Furious mum faces having children at THREE different schools for 12-mile school run – The Sun

A MUM has spoken of her “impossible” school run which involves three kids at three different schools.

Steph Pugh, 32, is facing a “nightmare” trip of more than 12 miles after her daughter Maisie, 11, was refused a place at the same school as her older brother.

Bailey, 12, started at St Edmund Arrowsmith Catholic High School last September.

Stay-at-home mum Steph expected Maisie would join him in September this year – but her request was denied.

And with her youngest Matilda, six, at Holy Family Catholic Primary School it means all three children will be attending different schools in September.

Steph and her husband Steven, 35, of Abram near Wigan, Greater Manchester, are so unhappy with the outcome of the admissions process they are taking the drastic step of homeschooling Maisie.

She said: “It's beyond a joke. There is no way I could do three schools in the morning and get everyone there on time.

“All three of them have near enough always had 100 per cent attendance and look where it has got us? That's what is grating on me the most.

It's beyond a joke. There is no way I could do three schools in the morning and get everyone there on time.

“This is all through no fault of their own and they will be the ones who potentially suffer.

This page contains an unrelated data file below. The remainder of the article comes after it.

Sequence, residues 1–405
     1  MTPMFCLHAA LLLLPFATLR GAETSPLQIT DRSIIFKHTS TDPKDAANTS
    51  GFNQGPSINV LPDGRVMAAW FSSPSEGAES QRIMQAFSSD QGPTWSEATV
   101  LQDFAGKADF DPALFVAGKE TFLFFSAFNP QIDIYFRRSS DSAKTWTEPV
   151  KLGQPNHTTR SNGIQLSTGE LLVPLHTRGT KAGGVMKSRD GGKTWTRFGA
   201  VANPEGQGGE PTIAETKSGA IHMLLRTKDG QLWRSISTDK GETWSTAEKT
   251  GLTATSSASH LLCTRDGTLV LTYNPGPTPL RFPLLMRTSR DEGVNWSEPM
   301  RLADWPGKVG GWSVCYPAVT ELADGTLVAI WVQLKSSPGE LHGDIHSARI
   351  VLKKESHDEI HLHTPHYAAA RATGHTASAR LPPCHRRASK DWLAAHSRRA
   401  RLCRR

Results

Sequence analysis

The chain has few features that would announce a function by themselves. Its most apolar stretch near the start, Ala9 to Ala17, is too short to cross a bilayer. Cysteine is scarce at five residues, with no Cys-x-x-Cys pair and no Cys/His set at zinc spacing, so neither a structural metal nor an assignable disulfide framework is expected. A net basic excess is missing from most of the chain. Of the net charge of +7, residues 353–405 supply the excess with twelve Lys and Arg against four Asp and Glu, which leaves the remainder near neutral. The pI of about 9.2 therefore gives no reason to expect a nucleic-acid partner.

“We can't have three children in three different schools in three different areas for the next four years.”

As the two siblings had attended Holy Family Catholic Primary School, which is a feeder school for St Edmund Arrowsmith, Steph had assumed there would be no difficulty with Maisie getting a place.


Worse still, Maisie was also turned down for her second option Golborne High School and instead offered a place at Dean Trust Rose Bridge which was rated inadequate in its last Ofsted inspection.

Steph added:  “It has been heartbreaking. Luckily we're in a position where I can home school her but it's awful.

“It has really affected her. She's sad to be missing out on all the new friends her friends are making and they will be at school while she's stuck at home with me.”

Steph applied for a placing request for her eldest daughter at St Edmund Arrowsmith – rated as 'Good' – but it was rejected in March this year as the school is at capacity.

She appealed and her case went to a panel at The Edge in Wigan. Steph gave evidence but it was unsuccessful.

The mum is reluctant to send Maisie to Rose Bridge as it was rated as inadequate in its last Ofsted inspection before it was taken over by The Dean Trust.

She also does not believe the public transport is adequate for Maisie to get to Ince from the family's Abram home safely.

“Bailey and Maisie have been together at school year after year. How can I not give them both the same chance?,” added Steph.

“It's two buses to Dean Trust Rose Bridge and she would have to walk for 20 minutes from the middle of Ince. They think that's acceptable.”

Wigan Council said it was sympathetic to the plight of parents who do not get the desired outcome but admissions criteria are set by individual schools.

Cath Pealing, assistant director for education, said: “As a local authority it's our responsibility to coordinate admissions on behalf of schools and ensure that all children are offered a secondary school place.

“However, individual schools determine their own admissions criteria.”

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